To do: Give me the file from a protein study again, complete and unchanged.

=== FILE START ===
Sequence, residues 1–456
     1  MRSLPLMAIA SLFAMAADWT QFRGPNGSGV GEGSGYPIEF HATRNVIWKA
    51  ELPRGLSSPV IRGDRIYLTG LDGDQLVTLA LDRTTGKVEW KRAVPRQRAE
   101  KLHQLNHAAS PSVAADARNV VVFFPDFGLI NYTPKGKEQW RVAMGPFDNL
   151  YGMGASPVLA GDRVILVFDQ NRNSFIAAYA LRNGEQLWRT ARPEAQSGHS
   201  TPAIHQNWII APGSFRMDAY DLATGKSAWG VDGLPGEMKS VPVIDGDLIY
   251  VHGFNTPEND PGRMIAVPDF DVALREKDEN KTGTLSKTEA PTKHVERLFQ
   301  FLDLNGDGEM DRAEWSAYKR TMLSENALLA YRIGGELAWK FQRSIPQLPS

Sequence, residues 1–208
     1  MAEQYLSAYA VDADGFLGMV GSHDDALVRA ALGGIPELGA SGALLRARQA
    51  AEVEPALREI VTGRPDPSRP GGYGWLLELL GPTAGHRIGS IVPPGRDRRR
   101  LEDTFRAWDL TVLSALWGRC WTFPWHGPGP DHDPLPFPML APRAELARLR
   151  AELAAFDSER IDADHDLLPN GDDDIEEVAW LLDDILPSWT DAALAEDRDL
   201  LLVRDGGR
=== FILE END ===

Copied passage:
Sequence, residues 1–456
     1  MRSLPLMAIA SLFAMAADWT QFRGPNGSGV GEGSGYPIEF HATRNVIWKA
    51  ELPRGLSSPV IRGDRIYLTG LDGDQLVTLA LDRTTGKVEW KRAVPRQRAE
   101  KLHQLNHAAS PSVAADARNV VVFFPDFGLI NYTPKGKEQW RVAMGPFDNL
   151  YGMGASPVLA GDRVILVFDQ NRNSFIAAYA LRNGEQLWRT ARPEAQSGHS
   201  TPAIHQNWII APGSFRMDAY DLATGKSAWG VDGLPGEMKS VPVIDGDLIY
   251  VHGFNTPEND PGRMIAVPDF DVALREKDEN KTGTLSKTEA PTKHVERLFQ
   301  FLDLNGDGEM DRAEWSAYKR TMLSENALLA YRIGGELAWK FQRSIPQLPS

Sequence, residues 1–208
     1  MAEQYLSAYA VDADGFLGMV GSHDDALVRA ALGGIPELGA SGALLRARQA
    51  AEVEPALREI VTGRPDPSRP GGYGWLLELL GPTAGHRIGS IVPPGRDRRR
   101  LEDTFRAWDL TVLSALWGRC WTFPWHGPGP DHDPLPFPML APRAELARLR
   151  AELAAFDSER IDADHDLLPN GDDDIEEVAW LLDDILPSWT DAALAEDRDL
   201  LLVRDGGR